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Old Grey Whistle Test, Vol. 3, The

BBC Worldwide // Unrated // August 29, 2006
List Price: $24.98 [Buy now and save at Amazon]

Review by Louis Howard | posted September 27, 2006 | E-mail the Author
In a time before MTV and VH1 there were very few venues in which to visually enjoy music on television; America had several piecemeal sources for such viewing, all of which left something to be desired; this reviewer can remember watching many a broadcast of "The Midnight Special" on Friday nights late, as well as the syndicated program "Don Kirshner's Rock Concert", both of which gave us live performances by a variety of acts, the former being fairly tame and top 40 oriented, the latter closer to running the gamut of rock and roll. Predating and likely influencing both, Great Britain had The Old Grey Whistle Test- premiering on the BBC2 channel in September of 1971, the show went on to become one of the most influential music shows of its time.

The show had a budget of 500 pounds per show, not much production money even at that time. The budget looks even smaller given the fact that the performers had to be paid from that allotment. In spite of this it was still quite successful, with bands' album sales soaring after making an appearance. Music was performed live, and this was before the days of lip-syncing. Being the last aired programming on Tuesdays, it had a degree of flexibility; some shows might only last 25 minutes while others would go as long as 90 minutes, depending on how well things were going. "Grey Whistle" is notable for breaking new ground in broadcasting, the first ever simulcast of radio and television, first live transatlantic broadcast of a rock concert, and television coverage of Live Aid were all achievements of the Grey Whistle team. The show saw a number of changes throughout its run- having several different hosts throughout the years, changing its title credits and music, seeing its name shortened to "Whistle Test" and being moved to a mid-evening live time slot. It ended its run in 1987, having delivered some wonderful live music to its audiences. As for the rather low pay the acts received for their appearance, it is said that a performers' record sales would soar after being on the show.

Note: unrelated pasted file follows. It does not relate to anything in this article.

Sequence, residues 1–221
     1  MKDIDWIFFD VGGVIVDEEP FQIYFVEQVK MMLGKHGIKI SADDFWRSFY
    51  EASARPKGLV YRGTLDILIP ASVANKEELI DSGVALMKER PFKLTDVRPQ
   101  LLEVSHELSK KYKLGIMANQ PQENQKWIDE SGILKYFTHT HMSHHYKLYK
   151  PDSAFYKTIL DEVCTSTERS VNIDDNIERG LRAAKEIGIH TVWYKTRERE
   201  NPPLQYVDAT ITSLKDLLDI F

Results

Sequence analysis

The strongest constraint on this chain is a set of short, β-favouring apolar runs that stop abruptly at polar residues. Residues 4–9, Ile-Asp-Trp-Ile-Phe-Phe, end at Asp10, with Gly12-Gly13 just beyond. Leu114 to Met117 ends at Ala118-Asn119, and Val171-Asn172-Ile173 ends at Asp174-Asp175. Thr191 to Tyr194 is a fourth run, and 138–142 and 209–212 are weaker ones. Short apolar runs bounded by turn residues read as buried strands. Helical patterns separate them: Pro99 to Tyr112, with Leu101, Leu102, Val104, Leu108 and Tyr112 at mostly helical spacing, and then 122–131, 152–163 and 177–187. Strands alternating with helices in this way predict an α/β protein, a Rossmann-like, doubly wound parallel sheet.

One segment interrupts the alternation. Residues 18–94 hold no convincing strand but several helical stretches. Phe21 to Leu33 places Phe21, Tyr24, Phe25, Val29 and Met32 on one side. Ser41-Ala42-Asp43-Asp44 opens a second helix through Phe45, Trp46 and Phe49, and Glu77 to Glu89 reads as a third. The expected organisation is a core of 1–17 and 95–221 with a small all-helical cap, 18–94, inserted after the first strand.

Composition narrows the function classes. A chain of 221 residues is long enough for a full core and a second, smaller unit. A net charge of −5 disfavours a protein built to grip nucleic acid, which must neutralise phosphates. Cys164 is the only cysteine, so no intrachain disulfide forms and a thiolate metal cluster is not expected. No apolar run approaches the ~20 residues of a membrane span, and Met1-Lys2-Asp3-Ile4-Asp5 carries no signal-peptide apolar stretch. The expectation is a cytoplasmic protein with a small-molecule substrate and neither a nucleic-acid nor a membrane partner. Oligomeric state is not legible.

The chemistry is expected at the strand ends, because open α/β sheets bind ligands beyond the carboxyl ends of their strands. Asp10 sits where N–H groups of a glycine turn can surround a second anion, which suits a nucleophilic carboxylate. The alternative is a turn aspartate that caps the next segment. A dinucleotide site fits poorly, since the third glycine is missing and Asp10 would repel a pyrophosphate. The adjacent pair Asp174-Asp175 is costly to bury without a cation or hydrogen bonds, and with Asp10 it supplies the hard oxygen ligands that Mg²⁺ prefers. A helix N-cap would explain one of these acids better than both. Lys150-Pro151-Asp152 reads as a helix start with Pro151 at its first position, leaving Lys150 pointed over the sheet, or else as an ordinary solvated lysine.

Reportedly the show got its name from a Tin Pan Alley phrase from years ago; when they got the first pressing of a record they would play it to the "old greys", translated, the office cleaners who usually started work when the office staff was leaving. Tunes they could remember and whistle having heard once or twice were those that had successfully passed "the old grey whistle test".

Here is a list of the performances-

1. Meet Me On The Corner - Lindisfarne
2. Oh You Pretty Things - David Bowie
3. Jamaica Say You Will - Jackson Browne
4. Born To Be Wild - Steppenwolf
5. I Get By - Stealers Wheel
6. Giving It All Away - Roger Daltrey
7. Black Coffee - Humble Pie
8. Brilliancy Medley - Fairport Convention
9. Boogie Funk - Freddie King
10. Surrender To The Rhythm - Brinsley Schwarz
11. A Little Bit Of Sympathy - Robin Trower
12. Dreamer - Supertramp
13. Jumping Jack Flash - Johnny Winter
14. A Heart Needs A Home - Richard and Linda Thompson
15. At Seventeen - Janis Ian
16. Year Of The Cat - Al Stewart
17. Couldn't Love You More - John Martyn & Danny Thompson
18. Fires Of Spring - Chris Rea
19. 'A' Bomb In Wardour Street - The Jam
20. When It All Comes Down/Hold On - BB King
21. I Don't Want To Be Nice - John Cooper Clarke
22. Sunday Papers - Joe Jackson
23. Chelsea Girl - Simple Minds
24. Frame By Frame - King Crimson
25. Rip It Up - Orange Juice
26. No-One Is To Blame - Howard Jones
27. Is It A Crime - Sade
28. In A Hole - The Jesus & Mary Chain
29. Sweet, Sweet Baby (I'm Falling) - Lone Justice
30. All I Want For Xmas Is A Dukla Prague Away Kit - Half Man Half Biscuit
31. Walk Like An Egyptian - Bangles